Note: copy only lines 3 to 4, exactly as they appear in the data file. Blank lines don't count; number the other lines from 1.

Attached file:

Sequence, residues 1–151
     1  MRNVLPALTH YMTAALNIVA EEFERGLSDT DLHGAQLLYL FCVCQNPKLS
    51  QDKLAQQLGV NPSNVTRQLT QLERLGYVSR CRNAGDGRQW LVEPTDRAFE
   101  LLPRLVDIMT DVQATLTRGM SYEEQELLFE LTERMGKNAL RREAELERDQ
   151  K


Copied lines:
    51  QDKLAQQLGV NPSNVTRQLT QLERLGYVSR CRNAGDGRQW LVEPTDRAFE
   101  LLPRLVDIMT DVQATLTRGM SYEEQELLFE LTERMGKNAL RREAELERDQ